Volunteer Louisiana


From making holiday baskets for the homeless to spending quality time with animal shelter dogs, there are so many volunteer opportunities in the state of Louisiana. Our state boasts impressive nonprofit organizations doing life-changing things in the community, and there is always a need for help. With the help of Volunteer Louisiana, you can connect with the right organization to make a meaningful impact.

Volunteer Louisiana was founded under the Office of the Lieutenant Governor. It oversees the AmeriCorps programs in the state and promotes national service and volunteerism by connecting potential volunteers with local nonprofits.

Kori Chisham, Director of Communications and Volunteer Outreach, says the organization uses an online database and social media to connect people with organizations in the state. “Volunteers call us saying they are new to the area and want to help out. We look up our resources and connect them. We’re kind of like a referral agency,” she says.

However, after the flood of 2016, Volunteer Louisiana expanded its focus to encompass environmental and disaster services. The organization was awarded a federal grant to collaborate with the government to increase disaster volunteerism. Chisham says Louisiana has an ongoing need for disaster volunteers, and those volunteers need to be engaged from response to long-term recovery.

Judd Jeansonne, Executive Director, says Volunteer Louisiana’s main role within disaster volunteerism is to find the people who aren’t affiliated with an organization, take the volunteer energy, and get it affiliated with an organization. “If you don’t have a system to manage volunteers, you can have a second disaster. We want to make sure they don’t get in harm’s way,” Jeansonne says.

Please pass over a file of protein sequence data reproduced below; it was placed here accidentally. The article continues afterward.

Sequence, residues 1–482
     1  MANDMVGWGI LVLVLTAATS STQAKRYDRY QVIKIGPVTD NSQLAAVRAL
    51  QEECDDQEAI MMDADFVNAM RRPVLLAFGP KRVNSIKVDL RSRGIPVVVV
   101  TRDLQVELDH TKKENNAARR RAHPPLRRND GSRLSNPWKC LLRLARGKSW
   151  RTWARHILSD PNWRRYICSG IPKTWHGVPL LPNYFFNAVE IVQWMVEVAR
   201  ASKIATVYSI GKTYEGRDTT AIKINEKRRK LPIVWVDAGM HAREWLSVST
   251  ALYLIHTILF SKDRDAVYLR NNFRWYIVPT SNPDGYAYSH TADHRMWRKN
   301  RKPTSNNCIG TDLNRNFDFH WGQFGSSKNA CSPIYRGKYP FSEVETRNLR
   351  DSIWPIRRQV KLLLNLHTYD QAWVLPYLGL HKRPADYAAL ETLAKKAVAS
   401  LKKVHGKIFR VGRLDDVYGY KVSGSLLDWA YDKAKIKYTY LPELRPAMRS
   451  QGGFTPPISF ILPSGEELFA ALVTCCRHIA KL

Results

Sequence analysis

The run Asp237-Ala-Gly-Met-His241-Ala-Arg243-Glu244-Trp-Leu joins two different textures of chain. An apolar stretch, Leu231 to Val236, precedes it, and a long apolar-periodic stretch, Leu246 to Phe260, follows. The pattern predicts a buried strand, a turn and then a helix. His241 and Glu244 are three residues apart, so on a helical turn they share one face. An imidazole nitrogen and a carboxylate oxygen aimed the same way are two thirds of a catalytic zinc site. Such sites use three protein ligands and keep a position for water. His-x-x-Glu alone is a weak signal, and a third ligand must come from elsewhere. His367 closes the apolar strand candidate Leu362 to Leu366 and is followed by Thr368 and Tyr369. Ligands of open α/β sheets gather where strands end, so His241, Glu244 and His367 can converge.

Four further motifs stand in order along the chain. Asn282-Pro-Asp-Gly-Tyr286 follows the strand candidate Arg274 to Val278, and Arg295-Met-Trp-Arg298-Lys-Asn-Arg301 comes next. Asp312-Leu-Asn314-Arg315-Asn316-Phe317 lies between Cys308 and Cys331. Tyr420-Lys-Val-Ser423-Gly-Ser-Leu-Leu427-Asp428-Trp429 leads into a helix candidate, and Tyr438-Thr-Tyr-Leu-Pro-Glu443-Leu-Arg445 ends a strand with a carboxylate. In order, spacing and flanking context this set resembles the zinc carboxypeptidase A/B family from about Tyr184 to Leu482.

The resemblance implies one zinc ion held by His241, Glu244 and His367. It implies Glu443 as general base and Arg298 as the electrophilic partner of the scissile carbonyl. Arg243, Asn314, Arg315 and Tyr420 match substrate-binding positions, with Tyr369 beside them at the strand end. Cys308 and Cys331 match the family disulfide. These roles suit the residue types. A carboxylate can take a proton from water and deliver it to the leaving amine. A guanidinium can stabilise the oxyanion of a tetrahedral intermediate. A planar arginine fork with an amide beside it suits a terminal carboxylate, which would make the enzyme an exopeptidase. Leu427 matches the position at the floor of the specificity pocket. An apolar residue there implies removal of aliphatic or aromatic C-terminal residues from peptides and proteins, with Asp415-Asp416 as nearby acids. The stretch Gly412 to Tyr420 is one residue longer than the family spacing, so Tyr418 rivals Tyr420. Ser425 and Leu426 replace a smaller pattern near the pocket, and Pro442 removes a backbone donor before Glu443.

Volunteer Louisiana is also deeply involved in AmeriCorps,  a domestic organization that allows people to serve the United States.

The organization also recognizes volunteers in the community for their hard work and dedication. People can request a certificate to serve as recognition and a thank you. If volunteers perform over 150 hours of service, they can also receive a lapel pin. 

“I’ve always been inspired by people who give selflessly to a cause or organization,” Chisham says. “To be able to make those individual volunteers feel special, that’s what keeps me motivated.”

One reason service is so important is that it changes people for the better. Not only does it transform a community, but it also transforms the people who serve. Jeansonne explains, “People come in and tutor kids and build access ramps, and when you engage in service, it changes you for the better. It makes you strong and develops empathy and compassion. To be around that and see the impact of national service and volunteerism, that’s just an amazing thing to be around.”

Volunteer Louisiana hopes to expand and diversify the service opportunities available. Environmental and disaster efforts are just one way they will do that. The organization also hopes to spotlight more volunteers and show the community the great work so many people are doing right here in Louisiana. ■

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01 Jan 2019


By Madeline Rathle

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